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Friday Favorite: The Gift of Maya Angelou

It’s been quite a while since I’ve posted a new Author Note, and I offer an apology to my regular readers for that. I’ve actually been writing a lot in the last couple of months –– a project that had been idling for quite some time is back in full swing, and that’s occupied any […]

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Special Guest Star

It’s been a quiet season for author notes, but with good reason. New projects are waiting in the wings (one of which I’ll be blathering about soon) but in the meantime, the regular schedule for Champions continues: Tuesday, July 29, will see the launch of Outports. And it’ll feature a special guest star. One of […]

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Oh Shoot

After a couple of novellas on the sidelines, Stephanie Shylock got thrown back into the deep end with last month’s Scourge. Without spoiling too much, let me just say that if I’m ever trapped in the mountains, being chased by alien space monsters, there’s a very short list of humans I’d want to be stuck […]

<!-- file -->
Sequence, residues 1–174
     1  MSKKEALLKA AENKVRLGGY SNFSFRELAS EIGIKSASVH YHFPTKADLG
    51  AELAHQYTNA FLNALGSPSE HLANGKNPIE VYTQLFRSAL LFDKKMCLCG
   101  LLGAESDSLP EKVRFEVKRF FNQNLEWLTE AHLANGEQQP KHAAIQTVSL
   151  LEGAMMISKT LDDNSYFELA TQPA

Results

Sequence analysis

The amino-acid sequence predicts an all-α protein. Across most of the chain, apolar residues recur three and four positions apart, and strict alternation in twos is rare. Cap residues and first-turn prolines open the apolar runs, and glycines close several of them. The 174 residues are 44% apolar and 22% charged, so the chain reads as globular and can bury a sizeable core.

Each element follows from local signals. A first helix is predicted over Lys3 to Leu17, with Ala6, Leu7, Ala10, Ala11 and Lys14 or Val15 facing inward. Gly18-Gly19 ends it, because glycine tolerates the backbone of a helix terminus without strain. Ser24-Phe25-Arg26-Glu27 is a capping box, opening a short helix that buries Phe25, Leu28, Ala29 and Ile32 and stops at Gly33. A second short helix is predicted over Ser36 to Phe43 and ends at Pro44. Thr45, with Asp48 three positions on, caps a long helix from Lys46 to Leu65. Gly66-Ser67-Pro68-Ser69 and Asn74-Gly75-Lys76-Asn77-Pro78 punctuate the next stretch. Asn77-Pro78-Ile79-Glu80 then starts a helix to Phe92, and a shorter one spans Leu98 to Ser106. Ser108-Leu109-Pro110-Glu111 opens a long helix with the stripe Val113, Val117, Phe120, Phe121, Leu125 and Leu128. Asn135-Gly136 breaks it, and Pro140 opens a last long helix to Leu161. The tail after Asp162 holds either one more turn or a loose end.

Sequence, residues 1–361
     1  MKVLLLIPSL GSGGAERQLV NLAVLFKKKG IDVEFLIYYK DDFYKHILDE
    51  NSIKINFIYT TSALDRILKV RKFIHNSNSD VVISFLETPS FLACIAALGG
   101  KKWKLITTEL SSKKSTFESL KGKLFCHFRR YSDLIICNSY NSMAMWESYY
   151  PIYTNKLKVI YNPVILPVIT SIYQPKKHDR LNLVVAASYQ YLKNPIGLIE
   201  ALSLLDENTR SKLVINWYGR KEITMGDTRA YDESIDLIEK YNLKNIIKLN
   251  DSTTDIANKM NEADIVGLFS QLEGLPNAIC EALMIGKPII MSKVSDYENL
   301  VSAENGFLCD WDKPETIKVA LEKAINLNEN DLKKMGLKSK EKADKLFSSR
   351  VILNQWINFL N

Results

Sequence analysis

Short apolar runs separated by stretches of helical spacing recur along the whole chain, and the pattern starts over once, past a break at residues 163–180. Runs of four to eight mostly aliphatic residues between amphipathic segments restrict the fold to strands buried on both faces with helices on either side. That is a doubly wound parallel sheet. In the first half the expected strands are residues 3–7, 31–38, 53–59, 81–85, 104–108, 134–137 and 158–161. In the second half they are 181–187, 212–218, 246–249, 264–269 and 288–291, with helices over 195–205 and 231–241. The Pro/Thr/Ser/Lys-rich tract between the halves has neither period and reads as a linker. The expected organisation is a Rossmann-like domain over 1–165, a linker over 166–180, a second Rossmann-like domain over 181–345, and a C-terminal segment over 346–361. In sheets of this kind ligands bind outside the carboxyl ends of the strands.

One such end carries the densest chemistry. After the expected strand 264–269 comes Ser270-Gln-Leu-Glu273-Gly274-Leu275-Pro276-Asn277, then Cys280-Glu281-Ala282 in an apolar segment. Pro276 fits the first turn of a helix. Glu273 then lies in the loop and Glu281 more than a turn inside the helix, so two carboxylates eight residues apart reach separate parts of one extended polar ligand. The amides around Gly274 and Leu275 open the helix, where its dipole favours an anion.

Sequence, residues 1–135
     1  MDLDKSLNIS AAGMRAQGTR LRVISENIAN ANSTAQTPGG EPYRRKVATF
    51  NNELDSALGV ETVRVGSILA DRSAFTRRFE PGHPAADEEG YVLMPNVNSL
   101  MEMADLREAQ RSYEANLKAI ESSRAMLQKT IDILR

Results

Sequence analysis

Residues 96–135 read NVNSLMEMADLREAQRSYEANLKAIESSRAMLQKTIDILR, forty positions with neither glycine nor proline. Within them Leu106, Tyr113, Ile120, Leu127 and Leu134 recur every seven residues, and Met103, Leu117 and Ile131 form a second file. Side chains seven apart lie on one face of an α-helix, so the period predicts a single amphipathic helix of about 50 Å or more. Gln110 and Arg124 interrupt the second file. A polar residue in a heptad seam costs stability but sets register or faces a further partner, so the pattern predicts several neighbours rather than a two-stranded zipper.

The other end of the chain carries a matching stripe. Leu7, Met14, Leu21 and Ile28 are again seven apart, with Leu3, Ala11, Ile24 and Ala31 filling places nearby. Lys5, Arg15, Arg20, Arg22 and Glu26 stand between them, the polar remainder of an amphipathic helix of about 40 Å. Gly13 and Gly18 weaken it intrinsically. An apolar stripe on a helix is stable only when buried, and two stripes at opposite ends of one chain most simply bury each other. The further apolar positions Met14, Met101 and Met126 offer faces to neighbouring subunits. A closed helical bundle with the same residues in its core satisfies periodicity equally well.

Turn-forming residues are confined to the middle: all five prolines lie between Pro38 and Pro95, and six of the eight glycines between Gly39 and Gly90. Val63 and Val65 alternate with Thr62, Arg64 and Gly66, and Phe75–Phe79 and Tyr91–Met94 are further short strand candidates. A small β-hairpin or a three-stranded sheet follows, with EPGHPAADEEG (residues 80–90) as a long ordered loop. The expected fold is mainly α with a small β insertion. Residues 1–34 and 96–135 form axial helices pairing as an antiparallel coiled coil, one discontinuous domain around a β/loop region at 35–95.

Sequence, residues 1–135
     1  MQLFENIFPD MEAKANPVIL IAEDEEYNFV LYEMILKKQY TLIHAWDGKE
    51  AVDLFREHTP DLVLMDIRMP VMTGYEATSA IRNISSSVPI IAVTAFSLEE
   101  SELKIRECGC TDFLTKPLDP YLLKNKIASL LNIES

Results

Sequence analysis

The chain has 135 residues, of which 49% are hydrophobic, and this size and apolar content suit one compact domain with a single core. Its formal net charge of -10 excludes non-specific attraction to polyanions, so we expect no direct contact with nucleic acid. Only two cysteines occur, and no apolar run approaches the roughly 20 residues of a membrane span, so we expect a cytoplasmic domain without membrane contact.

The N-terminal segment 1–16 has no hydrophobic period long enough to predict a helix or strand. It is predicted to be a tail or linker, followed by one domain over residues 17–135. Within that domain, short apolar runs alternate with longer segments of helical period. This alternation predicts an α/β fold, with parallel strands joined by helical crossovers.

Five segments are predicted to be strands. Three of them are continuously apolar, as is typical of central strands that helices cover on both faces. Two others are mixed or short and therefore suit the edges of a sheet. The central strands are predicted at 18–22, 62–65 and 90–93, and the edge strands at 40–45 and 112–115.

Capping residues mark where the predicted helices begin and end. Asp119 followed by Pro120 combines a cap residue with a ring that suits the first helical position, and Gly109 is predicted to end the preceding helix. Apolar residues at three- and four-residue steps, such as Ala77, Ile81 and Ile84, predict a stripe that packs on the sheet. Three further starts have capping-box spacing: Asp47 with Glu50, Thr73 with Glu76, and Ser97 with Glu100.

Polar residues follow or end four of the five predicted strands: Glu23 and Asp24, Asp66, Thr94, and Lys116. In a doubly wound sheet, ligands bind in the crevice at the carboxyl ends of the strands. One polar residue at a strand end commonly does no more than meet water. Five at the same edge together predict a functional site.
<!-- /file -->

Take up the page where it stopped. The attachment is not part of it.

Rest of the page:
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Happy Birthday

In my twenty-nine years, there’s been only one May 27th upon which I forgot to wish my mother a happy birthday. The ironic thing is that this wasn’t because I was away and it slipped my mind; the year was 2005, and she and I were on an Iceberg book tour in Lethbridge, Alberta. We […]

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Honour Guard

This past Sunday marked the end of National Nursing Week. This coming Sunday marks the eighth anniversary of my mother’s death. For me, the connection between the two is, and always will be, profound. Most people who know me know my mother was a nurse. She loved working in the Emergency Department, but moved from […]

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Comerford & Keating